The Danish-born director, Nicolas Winding Refn, has helmed a few popular movies such as Drive (2011), Bronson (2008), and the Pusher trilogy. This success has been only slightly marred by a handful of far-less-favored works including Fear X (2003) and Only God Forgives (2013) starring Ryan Gosling.
"Life can only be understood backwards, but it must be lived forwards," noted Soren Kierkgaard, but what if you don't see much of a future for yourself and those around you? Will you just become mired in the past? That's the plight of many of the characters in the critically acclaimed offerings of Palestinian director Hany Abu-Assad, whose contentious works have twice been nominated for Best Foreign Film Oscars: Paradise Now in 2006 and Omar in 2014.
What happens when the private persona of a performer bleeds over into the public creative sphere? The line is so fragile it often rends our ability to lose ourselves in the fictional world of art.
Will maggot fat oust coconut oil as a foodie favorite? Is PepsiCo replacing the corn flour in its Fritos with ground cricket corpses? And, hey! Who doesn't want to bite into some chicken with garlic and saffron sauce topped with crumbled buffalo worms?
Answers: Possibly. Not yet. Less people than you might think.
Everybody Wants Some directed and written by the Texas-based Richard Linklater, and billed as "the spiritual sequel to Dazed and Confused," is not very good. First and foremost it lacks any real narrative. It's more of a tone poem on a place and time in history. In this case, the year is 1980 and the campus is an East Texas college and horn-dogs of that college's baseball team -- a collection of predictable cliches that we've seen better served in better period piece comedies. It's not nearly as funny as Animal House or insightful or enlightening. Look, I was in my senior year of college in 1980 and in a fraternity much hornier and crazier than this fictitious baseball team.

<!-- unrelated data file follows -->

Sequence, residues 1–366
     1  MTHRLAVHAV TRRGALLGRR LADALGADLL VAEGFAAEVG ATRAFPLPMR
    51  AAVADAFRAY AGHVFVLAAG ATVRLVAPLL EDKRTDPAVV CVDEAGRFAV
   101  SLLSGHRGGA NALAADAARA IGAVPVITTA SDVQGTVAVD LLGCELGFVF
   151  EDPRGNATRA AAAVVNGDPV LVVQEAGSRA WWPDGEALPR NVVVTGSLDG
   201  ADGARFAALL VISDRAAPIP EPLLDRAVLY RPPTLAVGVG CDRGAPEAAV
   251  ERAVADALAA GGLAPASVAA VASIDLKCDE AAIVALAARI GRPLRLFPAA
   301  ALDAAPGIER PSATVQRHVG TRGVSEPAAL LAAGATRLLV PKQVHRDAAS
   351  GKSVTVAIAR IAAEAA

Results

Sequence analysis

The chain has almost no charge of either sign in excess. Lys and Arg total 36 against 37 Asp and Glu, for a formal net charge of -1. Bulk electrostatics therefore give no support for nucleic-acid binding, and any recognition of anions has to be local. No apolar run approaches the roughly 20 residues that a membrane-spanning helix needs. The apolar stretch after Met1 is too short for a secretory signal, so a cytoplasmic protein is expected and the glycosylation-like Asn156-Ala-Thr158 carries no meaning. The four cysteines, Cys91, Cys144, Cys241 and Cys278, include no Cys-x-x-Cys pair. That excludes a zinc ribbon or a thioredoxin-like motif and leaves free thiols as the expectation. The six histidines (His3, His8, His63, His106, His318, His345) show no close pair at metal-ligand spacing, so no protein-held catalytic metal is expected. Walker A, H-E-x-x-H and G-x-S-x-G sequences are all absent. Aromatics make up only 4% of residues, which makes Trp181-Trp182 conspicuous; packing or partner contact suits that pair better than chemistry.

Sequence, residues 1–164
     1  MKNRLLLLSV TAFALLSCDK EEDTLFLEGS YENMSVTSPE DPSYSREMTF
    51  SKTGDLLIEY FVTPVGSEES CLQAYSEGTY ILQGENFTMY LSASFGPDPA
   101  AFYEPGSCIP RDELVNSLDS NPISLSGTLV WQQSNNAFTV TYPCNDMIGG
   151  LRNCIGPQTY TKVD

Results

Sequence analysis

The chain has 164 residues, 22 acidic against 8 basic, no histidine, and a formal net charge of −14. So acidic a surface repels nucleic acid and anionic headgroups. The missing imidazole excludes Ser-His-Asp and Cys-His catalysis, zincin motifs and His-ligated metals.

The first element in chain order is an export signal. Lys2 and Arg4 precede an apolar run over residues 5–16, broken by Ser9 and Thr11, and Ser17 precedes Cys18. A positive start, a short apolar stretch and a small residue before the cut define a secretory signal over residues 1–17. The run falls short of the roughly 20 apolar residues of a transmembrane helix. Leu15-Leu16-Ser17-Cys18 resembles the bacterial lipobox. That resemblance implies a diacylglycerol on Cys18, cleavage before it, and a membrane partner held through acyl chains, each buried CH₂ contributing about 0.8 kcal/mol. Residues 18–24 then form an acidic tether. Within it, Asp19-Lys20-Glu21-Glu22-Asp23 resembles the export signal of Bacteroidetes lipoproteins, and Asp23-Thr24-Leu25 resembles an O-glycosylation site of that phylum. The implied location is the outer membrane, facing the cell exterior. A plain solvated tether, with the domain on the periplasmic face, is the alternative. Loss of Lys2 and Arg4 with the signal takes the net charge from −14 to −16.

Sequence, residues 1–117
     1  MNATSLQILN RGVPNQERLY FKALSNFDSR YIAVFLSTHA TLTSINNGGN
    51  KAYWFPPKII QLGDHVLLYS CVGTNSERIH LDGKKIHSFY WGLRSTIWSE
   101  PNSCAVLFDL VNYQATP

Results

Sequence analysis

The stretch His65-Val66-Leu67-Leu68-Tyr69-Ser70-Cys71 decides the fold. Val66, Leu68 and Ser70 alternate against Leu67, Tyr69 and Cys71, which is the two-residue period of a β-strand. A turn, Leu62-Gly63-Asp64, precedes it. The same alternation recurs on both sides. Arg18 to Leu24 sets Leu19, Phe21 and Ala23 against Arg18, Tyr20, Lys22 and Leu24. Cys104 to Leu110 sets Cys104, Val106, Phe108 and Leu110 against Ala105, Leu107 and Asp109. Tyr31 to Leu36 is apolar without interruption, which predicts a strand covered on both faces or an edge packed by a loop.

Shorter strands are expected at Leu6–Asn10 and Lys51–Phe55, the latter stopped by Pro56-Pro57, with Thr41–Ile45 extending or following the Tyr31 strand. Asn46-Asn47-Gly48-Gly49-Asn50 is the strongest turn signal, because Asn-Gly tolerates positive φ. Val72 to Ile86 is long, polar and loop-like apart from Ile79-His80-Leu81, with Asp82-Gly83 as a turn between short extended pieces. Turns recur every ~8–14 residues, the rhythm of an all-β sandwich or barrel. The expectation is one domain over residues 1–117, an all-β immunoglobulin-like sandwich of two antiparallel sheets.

"It's a real potboiler that is boiling and boiling and boiling and erupts in a way that few films ever do," director Dan Trachtenberg, 34, exclaimed over his first full-length feature, 10 Cloverfield Lane. Well, it's certainly hard to argue with him.
Pablo Larraín's latest release, The Club, has been the recipient of a variety of awards including the Silver Bear Grand Jury Prize, Best Film at Fantastic Fest, Chile's official Academy Award submission for Best Foreign Language Film 2016. Diving into the secretive world of religious exile, Larraín investigates the shrouded lives of 4 men with existence-shattering pasts, whose futures are both stifled and protected by the Catholic Church.
Amos Gitai. If you can recall when Vincent D'Onofrio was sexy, Gitai has that sort of confrontational charm. He turns you on while he sets you on edge, even at age 66.
One of Israel's most prolific directors, this constant provocateur has let loose with over 80 shorts, documentaries and narratives since 1972, many of them exploring Israel in an acutely critical manner, from Orthodox misogyny (Kadosh (1999)) to his war experiences during which he was wounded (Kippur (2000) ), to a story of a residence, from its Arab owners to the Israelis who took ownership (House (1980)). The latter documentary was made for Israeli TV but was deemed inappropriate, and if Gitai hadn't smuggled it out of the station, it would have been destroyed.
Lately, if you feel unworthy because God has given you just too good a life...just too much joy... and your hair shirt is at the cleaners, you can do your penance by watching J Blakeson's The 5th Wave.